The plaintiff contends that defendant, by means of its engine, negligently set fire to a cotton compress and warehouse at Hamlet, N. C., from which it communicated to tbe interior of tbe compress building, and while endeavoring to extinguish tbe flames tbe plaintiff’s intestate was burned to death, and that defendant is liable therefor. It is further contended that Wilson, tbe intestate, was an employee of Chas. E. Johnson & Co., lessees of tbe compress and warehouse, at the time and was endeavoring to save tbe property of bis employer from destruction. There was evidence tending to prove that when the alarm of fire was given, AVilson escaped from the building and went out on the platform, but voluntarily went back into the burning building where he was caught and burned to death. Plaintiff contends he went back for the purpose of saving his employer’s property and that it was in the line of duty that he met his death. The court submitted these issues:
1. Was the injury and death of the intestate caused by the negligence of the defendant as alleged in the complaint ?
2. Did the intestate by his own negligence contribute to his death ?
3. What damage is plaintiff entitled to recover ?
The jury answered the first issue “yes,” the second issue “no,” and assessed the damages.
1. The witness, Gribson, had testified that the fire originated in the bagging on the platform. Eor the purpose of cor*305roborating Gibson, a witness, Breeden, was permitted to testify that Gibson bad repeatedly told him the same thing. On one occasion he testified that one Taylor was present. The witness was asked what Taylor said when Gibson made the statement. The defendant objected, the evidence was admitted and defendant excepted. Witness then testified that Taylor said, “That is right, I saw it when it first blazed up outside.” This evidence was not admitted to contradict Taylor, but only to corroborate Gibson. The court so stated. Taylor had been a witness and was asked nothing about it. The defendant excepted, and we are of opinion that the exception is well taken. Gibson cannot be corroborated by what the witness Breeden heard another witness, Taylor, say. Taylor had not been examined on this subject, and the evidence was not offered to contradict Taylor. His unsworn declaration, therefore, delivered by the mouth of another, is not competent for the purpose of corroborating Gibson. It is hearsay. Merrell v. Whitmire, 110 N. C., 361. It is simply the unsworn declaration of Taylor as to a past event and was incompetent. Egerton v. Railroad, 115 N. C., 645.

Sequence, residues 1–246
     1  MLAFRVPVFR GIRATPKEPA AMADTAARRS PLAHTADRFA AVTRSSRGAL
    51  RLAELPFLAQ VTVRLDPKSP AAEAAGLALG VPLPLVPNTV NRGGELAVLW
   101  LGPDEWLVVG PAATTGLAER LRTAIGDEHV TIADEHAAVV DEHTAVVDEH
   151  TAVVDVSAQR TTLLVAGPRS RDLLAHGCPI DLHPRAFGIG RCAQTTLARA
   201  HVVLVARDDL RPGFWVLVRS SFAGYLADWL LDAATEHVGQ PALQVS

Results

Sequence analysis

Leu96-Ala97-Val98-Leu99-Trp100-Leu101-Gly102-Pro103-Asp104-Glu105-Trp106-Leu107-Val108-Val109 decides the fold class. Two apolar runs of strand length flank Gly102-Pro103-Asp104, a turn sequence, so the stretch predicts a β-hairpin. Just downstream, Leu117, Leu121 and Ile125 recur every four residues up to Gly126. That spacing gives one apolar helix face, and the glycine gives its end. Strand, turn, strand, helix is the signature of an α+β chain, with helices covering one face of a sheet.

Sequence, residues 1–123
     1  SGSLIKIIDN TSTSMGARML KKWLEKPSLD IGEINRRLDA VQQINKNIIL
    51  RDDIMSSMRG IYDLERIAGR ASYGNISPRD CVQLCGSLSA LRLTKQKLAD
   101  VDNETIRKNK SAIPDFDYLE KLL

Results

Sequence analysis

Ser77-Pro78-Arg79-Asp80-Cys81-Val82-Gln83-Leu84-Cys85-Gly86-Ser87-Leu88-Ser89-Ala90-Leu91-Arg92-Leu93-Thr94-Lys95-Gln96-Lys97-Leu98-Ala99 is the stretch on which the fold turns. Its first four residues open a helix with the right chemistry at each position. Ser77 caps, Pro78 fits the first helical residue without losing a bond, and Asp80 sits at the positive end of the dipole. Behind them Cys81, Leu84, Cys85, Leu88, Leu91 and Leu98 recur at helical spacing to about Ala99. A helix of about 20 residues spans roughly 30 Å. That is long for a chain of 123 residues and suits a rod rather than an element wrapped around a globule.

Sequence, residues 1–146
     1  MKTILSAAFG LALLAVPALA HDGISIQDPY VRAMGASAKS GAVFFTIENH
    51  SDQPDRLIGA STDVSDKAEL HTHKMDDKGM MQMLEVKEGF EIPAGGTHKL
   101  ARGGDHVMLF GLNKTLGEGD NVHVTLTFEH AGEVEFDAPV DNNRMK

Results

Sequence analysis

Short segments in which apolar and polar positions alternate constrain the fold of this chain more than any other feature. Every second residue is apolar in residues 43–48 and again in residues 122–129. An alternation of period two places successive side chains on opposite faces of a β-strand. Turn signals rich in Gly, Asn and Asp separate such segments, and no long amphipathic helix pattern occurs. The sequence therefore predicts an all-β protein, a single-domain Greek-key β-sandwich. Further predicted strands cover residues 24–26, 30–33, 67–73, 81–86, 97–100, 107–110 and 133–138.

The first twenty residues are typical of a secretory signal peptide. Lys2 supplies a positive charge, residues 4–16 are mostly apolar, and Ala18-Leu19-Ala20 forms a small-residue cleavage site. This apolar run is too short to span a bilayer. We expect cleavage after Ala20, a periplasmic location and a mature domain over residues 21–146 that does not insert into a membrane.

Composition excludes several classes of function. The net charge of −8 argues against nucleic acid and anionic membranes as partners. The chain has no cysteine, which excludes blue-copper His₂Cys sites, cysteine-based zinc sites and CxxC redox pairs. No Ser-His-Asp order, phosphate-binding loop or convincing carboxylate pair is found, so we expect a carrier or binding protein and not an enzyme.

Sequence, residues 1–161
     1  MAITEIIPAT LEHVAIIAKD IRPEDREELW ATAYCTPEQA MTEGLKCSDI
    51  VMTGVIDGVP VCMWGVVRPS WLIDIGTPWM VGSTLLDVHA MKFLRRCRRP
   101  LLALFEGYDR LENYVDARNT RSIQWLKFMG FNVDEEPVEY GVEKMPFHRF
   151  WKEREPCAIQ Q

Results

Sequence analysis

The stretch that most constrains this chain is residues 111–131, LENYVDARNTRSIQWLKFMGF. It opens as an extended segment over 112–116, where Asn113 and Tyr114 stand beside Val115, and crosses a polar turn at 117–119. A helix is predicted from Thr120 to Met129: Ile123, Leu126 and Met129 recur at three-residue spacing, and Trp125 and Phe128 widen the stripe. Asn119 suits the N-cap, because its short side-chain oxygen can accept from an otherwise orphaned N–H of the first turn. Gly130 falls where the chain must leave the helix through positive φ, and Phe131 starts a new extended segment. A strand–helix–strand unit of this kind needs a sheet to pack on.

2. His Honor gave the following instructions, among others, to the jury: 16. That if the jury shall find from the evidence that Wilson, being in a place of safety, left it and entered the burning building and attempted to extinguish the fire, at the time and in the manner in which an ordinarily prudent person would not have done so, they will answer the second issue “yes.” 22. The only limitation of the rule that an employee or servant or other person may incur risk to save property is that one must not recklessly expose himself to danger. Where he does not recklessly expose himself, because of the duty he owes his employer to attempt to save his property, his act is relieved of the character of legal cause, and the liability is remitted to the negligence of the defendant.